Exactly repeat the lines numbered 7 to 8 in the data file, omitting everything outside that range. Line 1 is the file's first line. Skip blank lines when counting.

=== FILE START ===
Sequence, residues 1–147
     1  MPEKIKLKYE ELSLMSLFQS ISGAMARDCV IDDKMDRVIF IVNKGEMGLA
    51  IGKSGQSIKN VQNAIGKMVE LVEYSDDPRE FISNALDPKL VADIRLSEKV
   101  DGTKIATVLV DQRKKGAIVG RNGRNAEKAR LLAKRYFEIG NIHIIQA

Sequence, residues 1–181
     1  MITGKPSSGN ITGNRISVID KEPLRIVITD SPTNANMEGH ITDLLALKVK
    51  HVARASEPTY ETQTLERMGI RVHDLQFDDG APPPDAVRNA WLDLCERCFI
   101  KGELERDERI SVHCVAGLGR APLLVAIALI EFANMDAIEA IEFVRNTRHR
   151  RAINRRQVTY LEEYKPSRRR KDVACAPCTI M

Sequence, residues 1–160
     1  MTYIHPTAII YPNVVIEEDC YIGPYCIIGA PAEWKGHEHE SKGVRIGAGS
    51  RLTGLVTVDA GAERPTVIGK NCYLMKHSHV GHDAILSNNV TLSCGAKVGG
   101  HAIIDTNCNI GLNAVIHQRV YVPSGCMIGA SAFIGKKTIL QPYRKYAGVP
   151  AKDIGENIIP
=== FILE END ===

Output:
    51  HVARASEPTY ETQTLERMGI RVHDLQFDDG APPPDAVRNA WLDLCERCFI
   101  KGELERDERI SVHCVAGLGR APLLVAIALI EFANMDAIEA IEFVRNTRHR